Hyperbaric oxygen (HBO2) is a commonly used treatment for patients who have suffered the late effects of radiation therapy
Posted by Enoch Huang, MD, MPH&TM, FACEP, FUHM, FACCWS

Hyperbaric oxygen (HBO2) is a commonly used treatment for patients who have suffered the

late effects of radiation therapy

, also known as Chronic Radiation Tissue Injury (CRTI) or

Soft Tissue Radionecrosis (STRN).

While we utilize radiation to kill cancer cells, it also damages healthy tissue that is next to the cancer. Radiation results in tissue that has fewer cells and blood vessels than non-radiated tissue, creating tissue that is more stiff and less tolerant of injury. Modern radiation treatments are designed to minimize this collateral damage, but cancer survivors often develop skin and wound-related complications in areas that have been irradiated 6-months or more – sometimes years– after radiation. Additionally, surgery in a previously irradiated field has a higher likelihood of poor wound healing.

 
HBO2 is able to reverse some of the effects of radiation therapy by stimulating blood vessel growth in previously irradiated tissue. This can be used before and after surgery to increase the chance of healing. This has benefitted thousands of patients who have had complications of radiation to the head and neck, bladder, bowel, and breast, resulting in decreased symptoms and increased healing. CRTI is usually defined as occurring at least 6 months after receiving radiation, and patients may not develop their symptoms for many years or after a surgical wound has failed to heal. This has led to some to question why we don’t use HBO2 after every patient who has radiation. Unfortunately, a course of HBO2 often takes 6-8 weeks, with each treatment lasting 90-120 minutes. It is a huge time commitment, and not every patient who has received radiation will develop complications of CRTI. Moreover, it has not been established that starting HBO2 right after radiation will have the same benefit as patients who have developed CRTI.

In 2009, doctors in the Netherlands studied this exact question in patients with head and neck cancer who received radiation.1 Instead of waiting for complications to occur, they started HBO2 within days of completing radiation. They used surveys to measure the quality of life (QOL) of these patients and found that patients who received HBO2 had a significantly higher QOL than those patients who did not receive HBO2. Unfortunately, the number of patients studied was too small to make widespread recommendations, and the subjective nature of the QOL surveys introduced the possibility of a placebo effect as patients knew whether or not they were receiving the HBO2 treatments.

Doctors in Portland, OR are conducting a new study to answer this question for breast cancer patients who have received radiation therapy after having had a mastectomy and breast reconstruction. These patients have a high incidence of developing post-operative infections, increased stiffness of the breast, and poorly healing wounds that may result in removal of the breast implants. The doctors at Legacy Emanuel Medical Center are studying a group of 60 women who meet the criteria described above. Half of these women will receive 6 weeks of HBO2 while half will receive oral medications (pentoxyfilline and vitamin E) for 6 months. They will be collecting measurements of how hard the breast becomes, whether there is or is not infection or poor wound healing, and whether or not the breast implant has to be removed. These objective measurements are less prone to a placebo effect, and they hope to demonstrate that patients who received HBO2 have better outcomes than those who only receive the medication.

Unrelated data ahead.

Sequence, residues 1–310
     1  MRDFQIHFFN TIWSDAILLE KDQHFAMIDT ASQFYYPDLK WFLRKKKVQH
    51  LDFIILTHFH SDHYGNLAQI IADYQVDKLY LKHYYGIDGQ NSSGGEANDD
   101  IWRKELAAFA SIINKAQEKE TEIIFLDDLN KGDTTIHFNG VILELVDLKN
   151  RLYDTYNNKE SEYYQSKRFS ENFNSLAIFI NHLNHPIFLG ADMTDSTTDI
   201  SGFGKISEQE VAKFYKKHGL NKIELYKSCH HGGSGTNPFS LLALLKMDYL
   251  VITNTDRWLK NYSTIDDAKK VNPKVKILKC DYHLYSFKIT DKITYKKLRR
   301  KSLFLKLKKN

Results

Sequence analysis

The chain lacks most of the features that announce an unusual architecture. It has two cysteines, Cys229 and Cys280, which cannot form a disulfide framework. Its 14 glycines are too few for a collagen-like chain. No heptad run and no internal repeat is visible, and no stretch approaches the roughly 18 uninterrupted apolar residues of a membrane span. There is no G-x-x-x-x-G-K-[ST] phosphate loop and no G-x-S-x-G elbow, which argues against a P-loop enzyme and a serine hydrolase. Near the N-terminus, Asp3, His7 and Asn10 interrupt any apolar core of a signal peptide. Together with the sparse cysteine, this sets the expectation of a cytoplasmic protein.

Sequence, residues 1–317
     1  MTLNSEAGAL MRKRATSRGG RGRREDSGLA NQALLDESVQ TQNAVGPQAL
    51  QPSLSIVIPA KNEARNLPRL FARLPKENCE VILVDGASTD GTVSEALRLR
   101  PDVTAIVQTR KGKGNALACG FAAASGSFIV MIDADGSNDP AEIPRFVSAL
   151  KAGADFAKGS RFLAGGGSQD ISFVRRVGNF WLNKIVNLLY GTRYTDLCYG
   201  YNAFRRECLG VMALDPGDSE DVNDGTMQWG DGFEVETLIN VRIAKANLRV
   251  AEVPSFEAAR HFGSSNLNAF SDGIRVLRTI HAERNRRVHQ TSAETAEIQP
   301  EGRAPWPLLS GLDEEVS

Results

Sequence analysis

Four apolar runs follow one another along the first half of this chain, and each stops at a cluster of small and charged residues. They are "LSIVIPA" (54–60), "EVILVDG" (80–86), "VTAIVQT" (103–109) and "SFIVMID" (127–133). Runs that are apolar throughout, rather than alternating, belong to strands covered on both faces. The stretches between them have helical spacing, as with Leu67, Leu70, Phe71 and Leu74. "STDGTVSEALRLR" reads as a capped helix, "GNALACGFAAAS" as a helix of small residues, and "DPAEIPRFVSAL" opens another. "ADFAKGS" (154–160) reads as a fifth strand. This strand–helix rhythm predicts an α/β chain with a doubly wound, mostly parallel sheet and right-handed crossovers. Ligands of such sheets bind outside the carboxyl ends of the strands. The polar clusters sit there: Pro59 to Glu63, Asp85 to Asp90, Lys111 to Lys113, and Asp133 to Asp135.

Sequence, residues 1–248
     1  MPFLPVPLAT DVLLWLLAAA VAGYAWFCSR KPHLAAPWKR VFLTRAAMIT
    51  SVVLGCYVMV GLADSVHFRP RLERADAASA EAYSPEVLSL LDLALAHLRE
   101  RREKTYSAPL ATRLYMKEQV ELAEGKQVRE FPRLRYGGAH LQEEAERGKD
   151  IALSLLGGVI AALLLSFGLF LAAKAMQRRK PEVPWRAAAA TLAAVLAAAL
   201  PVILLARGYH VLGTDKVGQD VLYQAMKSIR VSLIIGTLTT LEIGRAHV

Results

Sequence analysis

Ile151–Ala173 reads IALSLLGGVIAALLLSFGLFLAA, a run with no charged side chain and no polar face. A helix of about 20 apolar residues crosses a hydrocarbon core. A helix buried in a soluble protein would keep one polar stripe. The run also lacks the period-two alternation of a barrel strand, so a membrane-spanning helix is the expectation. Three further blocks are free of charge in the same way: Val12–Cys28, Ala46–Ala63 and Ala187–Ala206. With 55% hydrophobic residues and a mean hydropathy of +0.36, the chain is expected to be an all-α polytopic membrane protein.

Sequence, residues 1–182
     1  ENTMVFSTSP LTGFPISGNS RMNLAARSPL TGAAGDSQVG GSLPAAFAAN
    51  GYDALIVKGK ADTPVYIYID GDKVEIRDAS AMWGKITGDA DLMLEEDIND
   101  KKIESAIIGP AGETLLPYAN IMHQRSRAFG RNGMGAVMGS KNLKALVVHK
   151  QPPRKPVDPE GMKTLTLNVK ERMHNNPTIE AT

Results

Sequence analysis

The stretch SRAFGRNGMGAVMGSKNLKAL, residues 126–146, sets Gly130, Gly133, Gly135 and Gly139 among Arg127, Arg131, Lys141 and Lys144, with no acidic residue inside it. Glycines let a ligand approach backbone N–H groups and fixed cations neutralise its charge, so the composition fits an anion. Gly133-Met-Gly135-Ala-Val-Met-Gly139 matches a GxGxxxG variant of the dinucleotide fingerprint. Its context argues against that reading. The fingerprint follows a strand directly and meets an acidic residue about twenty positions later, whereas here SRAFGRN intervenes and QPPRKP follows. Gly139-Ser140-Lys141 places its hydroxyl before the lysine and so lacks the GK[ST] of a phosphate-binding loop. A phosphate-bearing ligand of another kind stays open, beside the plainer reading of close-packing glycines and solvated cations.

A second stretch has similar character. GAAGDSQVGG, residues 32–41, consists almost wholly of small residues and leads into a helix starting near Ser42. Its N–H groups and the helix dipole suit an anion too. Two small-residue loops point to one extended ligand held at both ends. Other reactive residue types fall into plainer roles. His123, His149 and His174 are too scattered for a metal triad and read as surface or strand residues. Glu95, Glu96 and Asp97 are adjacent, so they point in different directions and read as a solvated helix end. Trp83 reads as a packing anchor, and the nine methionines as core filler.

At this time, HBO2 is not available for patients who have not yet developed CRTI except as part of this study protocol. We do not know for sure whether it will make a difference in the long run, but we are hopeful that we will be able to answer this question – at least for patients who have had radiation therapy after having had a mastectomy and breast reconstruction. In the meantime, patients who have CRTI should be aware that there may be a treatment option that can restore some of your body’s ability to heal and function more normally.

Enoch Huang, MD, MPH&TM, FACEP, FUHM, FACCWS
Medical Director
Hyperbaric Medicine and Chronic Wound Care
Legacy Emanuel Medical Center in Portland, OR.

References:

  1. Teguh DN, Levendag PC, Noever I, et al. Early hyperbaric oxygen therapy for reducing radiotherapy side effects: early results of a randomized trial in oropharyngeal and nasopharyngeal cancer. Int J Radiat Oncol Biol Phys. 2009;75(3):711-716.